New State Use Tax Reporting Requirements

By Jeannette Marchant on July 27, 2017
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Jeannette Marchant

new state use tax reporting requirements

More Use Tax Compliance Requirements, More Headaches on the Horizon.

In Quill Corp v. North Dakota, the Supreme Court established that for states to have the authority to require an out-of-state business to collect sales tax, that business must have a physical presence within the state.  

Several states, including Indiana, Maine, Massachusetts, North Dakota, Ohio, South Dakota, Tennessee, and Wyoming, are directly challenging this standard and have passed laws that require out-of-state vendors to collect sales tax without physical presence. These states argue that if a remote vendor makes over 100 (MA) or 200 (IN, ME, ND, OH, SD, WY) separate transactions to customers in the state or sell over $100,000 (IN, ME, ND, OH, SD, WY) or $500,000 (MA, TN) annually into the state then nexus is established for sales tax purposes.

Your company may be facing new sales tax compliance or reporting requirements in five, and possibly up to 10 states where you are selling products or services, but don’t have a physical presence.  

New State Use Tax Reporting Requirements on the Books Effective July 1, 2017

Four states are introducing new use tax reporting requirements, effective July 1, 2017, for remote vendors in place of passing laws that contradict the physical presence standard.  

These reporting requirements call for out-of-state businesses to either alert their customers of their responsibility to remit use tax or to report directly to the state customer information so that the states can ensure the proper remittance of use tax.  

A brief summary of the states that have enacted new reporting requirements is listed below:

Alabama – Effective July 1, 2017: Legislation was passed that allows the Alabama Department of Revenue to now have the authority to require non-collecting vendors to notify Alabama customers of use tax obligations.

Colorado – Effective July 1, 2017: Non-collecting sellers with annual Colorado sales over $100,000 are required to report to the Colorado Department of Revenue customer information each year. Sellers must also report customers with purchases over $500 each year of their obligation to pay use tax.

Louisiana – Effective July 1, 2017: Out-of-state vendors with sales greater than $50,000 annually must inform Louisiana customers at the time of the transaction that the sale is subject to use tax. Vendors must also provide an annual statement to their customers by January 31st each year indicating the total purchases for the year. An annual report must be sent to the Louisiana Department of Revenue by March 1st in addition to the customer notification.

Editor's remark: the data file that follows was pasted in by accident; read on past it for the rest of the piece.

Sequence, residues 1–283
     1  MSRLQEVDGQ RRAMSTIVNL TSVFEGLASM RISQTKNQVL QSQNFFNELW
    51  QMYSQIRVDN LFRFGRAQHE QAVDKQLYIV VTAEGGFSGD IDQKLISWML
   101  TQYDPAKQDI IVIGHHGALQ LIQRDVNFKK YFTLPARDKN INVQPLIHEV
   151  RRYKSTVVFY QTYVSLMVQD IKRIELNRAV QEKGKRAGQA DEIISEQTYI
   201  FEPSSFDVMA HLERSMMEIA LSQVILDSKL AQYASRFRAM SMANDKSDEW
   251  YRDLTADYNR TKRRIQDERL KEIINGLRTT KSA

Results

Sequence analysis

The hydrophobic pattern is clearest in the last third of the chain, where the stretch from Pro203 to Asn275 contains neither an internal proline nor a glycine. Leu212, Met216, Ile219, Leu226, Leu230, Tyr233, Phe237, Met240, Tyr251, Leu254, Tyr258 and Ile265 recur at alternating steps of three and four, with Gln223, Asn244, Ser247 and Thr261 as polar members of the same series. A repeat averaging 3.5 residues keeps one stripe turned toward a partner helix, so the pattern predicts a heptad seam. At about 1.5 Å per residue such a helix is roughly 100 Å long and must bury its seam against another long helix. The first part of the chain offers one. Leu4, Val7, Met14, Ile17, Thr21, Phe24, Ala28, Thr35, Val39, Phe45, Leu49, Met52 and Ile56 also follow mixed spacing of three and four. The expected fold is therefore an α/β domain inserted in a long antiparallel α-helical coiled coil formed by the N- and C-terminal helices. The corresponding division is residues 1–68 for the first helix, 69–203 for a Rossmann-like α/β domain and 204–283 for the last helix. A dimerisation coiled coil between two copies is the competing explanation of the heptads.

Oklahoma – Effective February 1, 2017: Out-of-state sellers must notify Oklahoma purchasers of their total purchases for the year by February 1st each year.  

Vermont – Effective July 1, 2017: Vendors with over $100,000 in Vermont sales in the previous calendar year must provide a notice to their Vermont customers with purchases over $500 indicating that use tax may be due. A copy must also be filed with the Vermont Department of Taxes by January 31st each year. Failure to comply could result in a $10 penalty per notice failed to be filed.

Legislation has also been introduced in Hawaii, Nebraska, Pennsylvania, Washington and Wisconsin with similar reporting requirements.

Concerned About Sales and Use Tax?

With states looking for new sources of revenue, the burden of complying with out of state sales tax remittance or reporting requirements is becoming increasingly complex. It’s likely that over the new few years, we’ll see additional legislation, regulation and court cases that could affect your business.

automating sales tax complianceIf your business sells out of state – regardless of whether you have a physical presence or not, keeping up with tax requirements is very challenging.

It’s possible to automate your sales tax compliance needs, and we suggest that your investigations start with downloading our free report to this end. Simply click here.

Talk to us. The State and Local Tax experts at Freed Maxick can help you navigate these tricky waters in a manner that ensures compliance and the lowest possible tax burdens.

Call Jeannette M. Marchant, CPA Tax Manager, at 716.847.2651, or click here to start a connection.

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